Paul W. Homer is a software developer, writer, and occasional photographer, who was drawn into software development several decades ago and has been struggling ever since with trying to build increasingly complex systems.
AS SOFTWARE DEVELOPERS we initially understand software as a system of commands, functions, and algorithms. This instruction-oriented view of software aids us in learning how to build software, but it is this very same perspective that starts to hamper us when we try to build bigger systems.
If you stand back a little, a computer is nothing more than a fancy tool to help you access and manipulate piles of data. It is the structure of this data that lies at the heart of understanding how to manage complexity in a huge system. Millions of instructions are intrinsically complicated, but underneath we can easily get our brains around a smaller set of basic data structures.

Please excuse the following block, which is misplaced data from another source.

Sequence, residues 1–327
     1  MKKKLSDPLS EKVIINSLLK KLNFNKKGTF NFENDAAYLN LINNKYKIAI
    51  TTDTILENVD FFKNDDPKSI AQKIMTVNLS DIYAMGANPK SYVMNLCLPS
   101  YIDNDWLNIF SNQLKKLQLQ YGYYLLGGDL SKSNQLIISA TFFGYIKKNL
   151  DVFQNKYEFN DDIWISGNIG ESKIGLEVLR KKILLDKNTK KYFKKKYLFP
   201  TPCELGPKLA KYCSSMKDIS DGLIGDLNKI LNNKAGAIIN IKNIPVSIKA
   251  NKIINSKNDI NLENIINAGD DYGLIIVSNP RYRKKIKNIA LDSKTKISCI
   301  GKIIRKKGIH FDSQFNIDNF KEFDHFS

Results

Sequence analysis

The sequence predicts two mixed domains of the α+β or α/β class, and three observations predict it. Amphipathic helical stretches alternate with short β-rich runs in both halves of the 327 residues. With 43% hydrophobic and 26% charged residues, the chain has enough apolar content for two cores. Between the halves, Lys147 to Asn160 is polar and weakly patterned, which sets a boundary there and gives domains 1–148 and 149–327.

For instance, if you want to understand the Unix operating system, digging through the source code line-by-line is unlikely to help. If, however, you read a book outlining the primary internal data structures for handling things like processes and the filesystem, you'll have a better chance of understanding how UNIX works underneath. The data is conceptually smaller than the code and considerably less complicated.
As code is running in a computer, the ...